Anti-epilepsy drug sodium valproate is associated with developmental delay and lower IQ

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The anti-epilepsy drug sodium valproate is associated with developmental delay and lower IQ, suggests research in the Journal of Neurology Neurosurgery and Psychiatry.

Around five in every 1000 people will have epilepsy. One in three people with epilepsy is a woman of childbearing age, and one in every 200 women attending antenatal clinics is being treated with anti-epileptic drugs.

The authors base their findings on a study of 375 children, 249 of whom were between the ages of 6 and 16 years. All the children had been born to mothers with confirmed epilepsy in Liverpool and Manchester, North West England.

The authors conducted structured interviews with the mothers about their epilepsy and any behavioural/developmental problems, including additional educational needs in their children, and checked hospital records.

They also clinically assessed the children and tested their intelligence, using a validated scoring system (Wechsler scale). And they assessed the degree of anatomical abnormality (dysmorphic features) from photographs.

All but 80 of the children had been exposed to anti-epilepsy drugs while in the womb: in 41 cases this was sodium valproate and in 52 it was carbamazepine. A further 21 children had been exposed to phenytoin, and the mothers of 49 had taken a mixture of drugs to control their epilepsy.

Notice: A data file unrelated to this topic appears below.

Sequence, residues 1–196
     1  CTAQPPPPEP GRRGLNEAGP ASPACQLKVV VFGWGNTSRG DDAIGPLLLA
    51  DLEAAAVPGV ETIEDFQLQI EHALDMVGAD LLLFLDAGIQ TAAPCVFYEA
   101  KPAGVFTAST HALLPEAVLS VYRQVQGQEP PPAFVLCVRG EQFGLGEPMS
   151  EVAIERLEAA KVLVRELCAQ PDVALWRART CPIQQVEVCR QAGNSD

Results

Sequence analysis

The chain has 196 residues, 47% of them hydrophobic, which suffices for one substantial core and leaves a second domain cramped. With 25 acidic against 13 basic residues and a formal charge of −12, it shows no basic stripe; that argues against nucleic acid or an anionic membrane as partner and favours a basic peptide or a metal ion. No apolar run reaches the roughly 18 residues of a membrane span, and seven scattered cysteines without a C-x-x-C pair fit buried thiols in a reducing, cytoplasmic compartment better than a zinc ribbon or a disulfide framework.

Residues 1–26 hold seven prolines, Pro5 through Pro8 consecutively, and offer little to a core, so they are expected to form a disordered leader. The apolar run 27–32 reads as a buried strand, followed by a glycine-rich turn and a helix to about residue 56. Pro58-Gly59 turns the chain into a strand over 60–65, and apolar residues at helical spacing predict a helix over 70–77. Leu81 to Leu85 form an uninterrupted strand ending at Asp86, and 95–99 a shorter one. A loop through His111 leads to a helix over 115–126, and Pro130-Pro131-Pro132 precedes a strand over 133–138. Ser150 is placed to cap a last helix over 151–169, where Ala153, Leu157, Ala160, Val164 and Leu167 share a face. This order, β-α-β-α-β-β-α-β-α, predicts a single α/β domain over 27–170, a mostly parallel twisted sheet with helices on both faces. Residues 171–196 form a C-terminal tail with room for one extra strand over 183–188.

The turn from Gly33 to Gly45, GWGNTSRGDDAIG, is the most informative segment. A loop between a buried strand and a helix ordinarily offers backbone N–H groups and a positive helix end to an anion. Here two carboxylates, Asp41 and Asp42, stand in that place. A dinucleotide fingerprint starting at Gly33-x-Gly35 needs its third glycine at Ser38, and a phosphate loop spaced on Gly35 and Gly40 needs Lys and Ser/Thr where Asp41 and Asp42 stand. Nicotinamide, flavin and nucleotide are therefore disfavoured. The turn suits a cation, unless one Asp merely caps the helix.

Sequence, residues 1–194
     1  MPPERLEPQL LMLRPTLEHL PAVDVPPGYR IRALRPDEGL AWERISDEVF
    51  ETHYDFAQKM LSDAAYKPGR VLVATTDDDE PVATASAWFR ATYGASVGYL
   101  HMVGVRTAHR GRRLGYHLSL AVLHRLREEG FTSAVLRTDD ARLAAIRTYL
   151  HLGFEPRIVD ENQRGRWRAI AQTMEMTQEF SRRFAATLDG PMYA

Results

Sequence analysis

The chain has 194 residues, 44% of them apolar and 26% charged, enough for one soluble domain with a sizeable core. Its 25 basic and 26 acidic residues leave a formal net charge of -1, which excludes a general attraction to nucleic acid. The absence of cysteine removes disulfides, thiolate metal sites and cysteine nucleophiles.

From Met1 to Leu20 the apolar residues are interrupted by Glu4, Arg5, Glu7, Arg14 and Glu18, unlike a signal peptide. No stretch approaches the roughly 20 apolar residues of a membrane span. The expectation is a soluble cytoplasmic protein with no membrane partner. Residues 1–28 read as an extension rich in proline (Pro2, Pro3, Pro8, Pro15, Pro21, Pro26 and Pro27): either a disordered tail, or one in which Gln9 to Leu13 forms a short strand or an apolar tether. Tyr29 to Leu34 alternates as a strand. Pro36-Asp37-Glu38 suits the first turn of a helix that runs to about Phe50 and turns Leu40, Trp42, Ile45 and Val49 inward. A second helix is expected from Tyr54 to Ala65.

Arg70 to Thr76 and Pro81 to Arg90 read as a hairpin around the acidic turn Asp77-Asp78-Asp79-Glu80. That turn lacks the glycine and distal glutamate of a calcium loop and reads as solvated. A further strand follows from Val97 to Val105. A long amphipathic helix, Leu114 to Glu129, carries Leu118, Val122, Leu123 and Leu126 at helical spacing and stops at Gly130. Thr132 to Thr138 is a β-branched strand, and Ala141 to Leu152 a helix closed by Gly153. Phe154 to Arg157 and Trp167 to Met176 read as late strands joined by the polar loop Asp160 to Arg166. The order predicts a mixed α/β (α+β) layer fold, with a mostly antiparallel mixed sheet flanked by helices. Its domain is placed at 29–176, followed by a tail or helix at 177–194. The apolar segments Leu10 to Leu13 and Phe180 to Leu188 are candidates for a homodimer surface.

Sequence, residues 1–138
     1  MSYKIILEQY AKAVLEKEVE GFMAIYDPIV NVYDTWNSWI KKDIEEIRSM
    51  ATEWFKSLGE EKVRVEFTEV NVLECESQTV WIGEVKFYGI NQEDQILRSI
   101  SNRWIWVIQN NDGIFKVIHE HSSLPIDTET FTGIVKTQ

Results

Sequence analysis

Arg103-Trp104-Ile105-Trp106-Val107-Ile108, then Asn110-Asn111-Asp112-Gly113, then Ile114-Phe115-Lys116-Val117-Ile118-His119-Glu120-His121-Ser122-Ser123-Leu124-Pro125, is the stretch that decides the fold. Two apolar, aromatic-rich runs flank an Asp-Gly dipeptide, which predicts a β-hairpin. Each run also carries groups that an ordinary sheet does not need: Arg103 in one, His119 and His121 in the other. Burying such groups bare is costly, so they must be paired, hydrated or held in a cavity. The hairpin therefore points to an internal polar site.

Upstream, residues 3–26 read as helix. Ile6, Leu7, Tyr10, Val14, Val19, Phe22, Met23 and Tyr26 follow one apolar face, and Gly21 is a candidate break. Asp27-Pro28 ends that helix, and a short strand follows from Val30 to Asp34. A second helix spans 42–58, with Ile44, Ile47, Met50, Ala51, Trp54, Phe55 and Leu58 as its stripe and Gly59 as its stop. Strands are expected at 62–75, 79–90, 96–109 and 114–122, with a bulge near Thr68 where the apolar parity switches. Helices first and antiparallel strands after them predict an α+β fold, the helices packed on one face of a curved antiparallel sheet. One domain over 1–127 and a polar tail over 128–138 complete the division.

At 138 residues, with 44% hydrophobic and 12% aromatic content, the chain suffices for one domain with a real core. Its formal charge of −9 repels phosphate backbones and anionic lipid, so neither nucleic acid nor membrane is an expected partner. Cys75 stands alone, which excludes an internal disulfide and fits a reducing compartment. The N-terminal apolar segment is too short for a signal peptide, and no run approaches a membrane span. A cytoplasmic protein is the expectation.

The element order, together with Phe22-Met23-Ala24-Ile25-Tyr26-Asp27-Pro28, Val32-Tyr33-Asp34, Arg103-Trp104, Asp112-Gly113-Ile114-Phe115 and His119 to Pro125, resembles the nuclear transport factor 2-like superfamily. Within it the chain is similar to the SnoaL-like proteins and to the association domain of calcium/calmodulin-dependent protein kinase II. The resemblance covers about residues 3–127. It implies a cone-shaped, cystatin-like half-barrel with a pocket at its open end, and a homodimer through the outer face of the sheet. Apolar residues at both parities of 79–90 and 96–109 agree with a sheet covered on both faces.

The children whose mothers had taken valproate alone had an IQ "in the low average range" and one that was significantly lower - an average of 7 points lower - than would have been expected.

A verbal IQ score of 69 or below was more than three times as likely in children exposed to valproate alone compared with those children whose mothers had not taken any anti-epileptic drugs.

Frequent seizures in the mother during pregnancy were also significantly associated with a lower verbal IQ. Valproate is very effective at controlling seizures in specific types of epilepsy, say the authors.

Dysmorphic features were more common among children whose mothers had taken valproate in pregnancy, affecting 44%, compared with 9% of those whose mothers had taken carbamazepine, and 2% among those whose mothers had not taken any drugs for epilepsy, while pregnant. There was a strong link between the degree of dysmorphism and the likelihood of significantly lower IQ.

The authors are quick to point out that there may be biases in their findings because only 40% of the 547 mothers originally approached responded, and they say that it is impossible to draw conclusions about absolute risk based on retrospective data.

Nevertheless, they conclude: "The results of our study are of concern given that valproate was first licensed in the United Kingdom in 1975."

Several new drugs have come on the market since then, they say, adding: "It is essential that adequately controlled prospective studies are established now to identify the level of risk for cognitive impairment in children of women taking both new and established [anti-epileptic drugs] during pregnancy."

An accompanying editorial by Simon Shorvon, of the Institute of Neurology, London, points out that caution is needed in interpreting the results, for the reasons stated by the authors. But he commends the authors for highlighting "what is potentially a major clinical concern," and for advising of the potential for anti-epileptic drugs to have a long term impact on intellectual development. "Further exploration of this vital area is now urgently needed," he says.

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Click here to view the editorial in full

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